Send to:

Choose Destination
See comment in PubMed Commons below
Brain Res. 1998 Aug 10;801(1-2):1-8.

Cellular localization of tumor necrosis factor alpha following focal cerebral ischemia in mice.

Author information

  • 1Department of Neurology, Institute of Neurology, Hua-Shan Hospital Shanghai Medical University, Shanghai 200040, China.

Erratum in

  • Brain Res 1999 Feb 6;818(1):184.


Tumor necrosis factor alpha (TNFalpha) is a pleiotrophic cytokine with diverse proinflammatory actions. Focal cerebral ischemia induces rapid and dramatic increases in TNFalpha levels within and surrounding the focus of damaged brain both in striatum and cortex. The actions of TNFalpha during cerebral ischemia may be related to the cell types which deliver and/or accept TNFalpha signals. However, the cellular sources of TNFalpha following cerebral ischemia have not been fully elucidated. The present study was designed to determine the cellular localization of TNFalpha following permanent middle cerebral artery occlusion (MCAO) in mice. As judged by immunohistochemistry, TNFalpha expression in the ischemic hemisphere was increased at 3 h following MCAO, peaked at 6 to 12 h, and decreased at 24 h. Double immunostaining for TNFalpha and neuron specific enolase (NSE) or glial fibrillary acidic protein (GFAP) showed that TNFalpha positive neurons were observed in both the ischemic core and perifocal region, while TNFalpha positive astrocytes were observed in the outer cortical layer, the corpus callosum, the molecular layer of the hippocampus, and periventricular areas. The presence of TNFalpha immunoreactivity in neurons and nerve fibers following MCAO suggests that TNFalpha expressed in ischemic neurons might be delivered via axonal transport, while TNFalpha immunoreactivity in astrocyte end-feet and ependymal cells following MCAO suggests that TNFalpha may be involved in blood-brain barrier disruption and the initiation of inflammation in the brain.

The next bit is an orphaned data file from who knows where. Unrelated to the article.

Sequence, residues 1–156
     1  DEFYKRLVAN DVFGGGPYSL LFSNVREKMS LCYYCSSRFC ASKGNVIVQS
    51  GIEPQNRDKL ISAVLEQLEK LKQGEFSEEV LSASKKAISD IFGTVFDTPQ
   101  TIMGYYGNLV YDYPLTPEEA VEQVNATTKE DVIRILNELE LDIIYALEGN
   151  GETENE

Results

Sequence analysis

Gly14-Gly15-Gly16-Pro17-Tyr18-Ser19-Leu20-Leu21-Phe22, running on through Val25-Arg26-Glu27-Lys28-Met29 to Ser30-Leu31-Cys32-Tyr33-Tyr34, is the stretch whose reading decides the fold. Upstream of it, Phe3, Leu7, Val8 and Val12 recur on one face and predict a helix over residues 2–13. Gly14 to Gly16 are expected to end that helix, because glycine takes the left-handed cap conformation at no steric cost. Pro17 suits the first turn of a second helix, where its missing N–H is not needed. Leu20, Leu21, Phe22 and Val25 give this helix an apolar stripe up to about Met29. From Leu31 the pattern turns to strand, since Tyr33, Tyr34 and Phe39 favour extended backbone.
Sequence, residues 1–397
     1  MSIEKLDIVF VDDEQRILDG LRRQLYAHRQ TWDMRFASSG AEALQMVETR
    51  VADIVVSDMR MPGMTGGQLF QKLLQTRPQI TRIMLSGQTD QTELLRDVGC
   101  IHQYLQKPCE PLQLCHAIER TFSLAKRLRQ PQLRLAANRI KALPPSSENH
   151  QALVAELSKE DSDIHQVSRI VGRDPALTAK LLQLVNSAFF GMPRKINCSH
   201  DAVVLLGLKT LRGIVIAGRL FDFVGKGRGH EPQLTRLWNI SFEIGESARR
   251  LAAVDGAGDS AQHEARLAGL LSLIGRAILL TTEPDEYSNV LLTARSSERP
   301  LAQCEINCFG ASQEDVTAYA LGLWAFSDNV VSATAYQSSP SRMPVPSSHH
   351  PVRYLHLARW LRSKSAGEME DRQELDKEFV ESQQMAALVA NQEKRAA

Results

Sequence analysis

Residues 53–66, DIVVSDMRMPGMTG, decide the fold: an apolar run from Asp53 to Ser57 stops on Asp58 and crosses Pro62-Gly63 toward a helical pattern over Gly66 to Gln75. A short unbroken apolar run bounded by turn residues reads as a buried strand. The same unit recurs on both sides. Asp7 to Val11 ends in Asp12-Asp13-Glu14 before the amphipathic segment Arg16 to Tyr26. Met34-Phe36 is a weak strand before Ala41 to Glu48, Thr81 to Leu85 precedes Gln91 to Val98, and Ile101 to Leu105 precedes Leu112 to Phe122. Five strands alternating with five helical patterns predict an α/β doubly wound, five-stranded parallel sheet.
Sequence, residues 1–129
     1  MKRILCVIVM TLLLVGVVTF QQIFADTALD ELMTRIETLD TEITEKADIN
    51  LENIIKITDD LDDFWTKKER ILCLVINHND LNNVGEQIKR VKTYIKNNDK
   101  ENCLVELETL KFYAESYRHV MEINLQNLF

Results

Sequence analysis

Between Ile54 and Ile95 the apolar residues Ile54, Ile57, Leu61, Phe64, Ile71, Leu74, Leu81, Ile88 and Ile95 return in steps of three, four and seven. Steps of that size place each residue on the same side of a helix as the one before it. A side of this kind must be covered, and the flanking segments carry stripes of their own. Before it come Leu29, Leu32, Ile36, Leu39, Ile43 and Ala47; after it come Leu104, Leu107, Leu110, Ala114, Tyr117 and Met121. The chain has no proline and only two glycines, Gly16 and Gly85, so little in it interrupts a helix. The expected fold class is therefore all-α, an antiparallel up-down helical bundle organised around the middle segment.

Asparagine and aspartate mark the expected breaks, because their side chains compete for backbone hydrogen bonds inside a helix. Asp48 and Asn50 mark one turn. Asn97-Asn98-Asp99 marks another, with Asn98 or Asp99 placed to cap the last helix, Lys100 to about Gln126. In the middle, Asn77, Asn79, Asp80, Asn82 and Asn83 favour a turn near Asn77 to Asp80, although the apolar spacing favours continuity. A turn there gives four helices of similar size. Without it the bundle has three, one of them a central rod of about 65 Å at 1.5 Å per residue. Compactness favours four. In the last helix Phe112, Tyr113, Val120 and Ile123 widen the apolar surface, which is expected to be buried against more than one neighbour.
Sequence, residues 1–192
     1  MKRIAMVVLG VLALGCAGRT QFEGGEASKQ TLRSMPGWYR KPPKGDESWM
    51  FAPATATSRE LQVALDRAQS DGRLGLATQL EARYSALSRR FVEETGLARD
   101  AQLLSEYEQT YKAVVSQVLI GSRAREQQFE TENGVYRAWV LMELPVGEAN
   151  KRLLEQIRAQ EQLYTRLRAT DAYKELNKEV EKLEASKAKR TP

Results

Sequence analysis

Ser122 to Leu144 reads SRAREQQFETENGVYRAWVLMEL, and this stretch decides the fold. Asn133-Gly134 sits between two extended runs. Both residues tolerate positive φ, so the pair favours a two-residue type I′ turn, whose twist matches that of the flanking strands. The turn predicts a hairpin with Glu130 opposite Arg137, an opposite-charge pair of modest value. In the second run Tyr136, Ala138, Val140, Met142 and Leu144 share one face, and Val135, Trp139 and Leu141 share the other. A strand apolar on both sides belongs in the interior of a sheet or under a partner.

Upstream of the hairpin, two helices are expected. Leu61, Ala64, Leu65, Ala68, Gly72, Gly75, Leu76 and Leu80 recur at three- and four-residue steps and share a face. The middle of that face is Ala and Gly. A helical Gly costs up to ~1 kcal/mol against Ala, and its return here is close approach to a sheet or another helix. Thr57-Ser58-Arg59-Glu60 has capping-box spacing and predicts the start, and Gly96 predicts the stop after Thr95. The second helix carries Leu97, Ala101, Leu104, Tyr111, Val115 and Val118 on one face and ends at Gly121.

Copyright 1998 Elsevier Science B.V.

[PubMed - indexed for MEDLINE]
PubMed Commons home

PubMed Commons

How to join PubMed Commons

    Supplemental Content

    Full text links

    Icon for Elsevier Science
    Loading ...
    Write to the Help Desk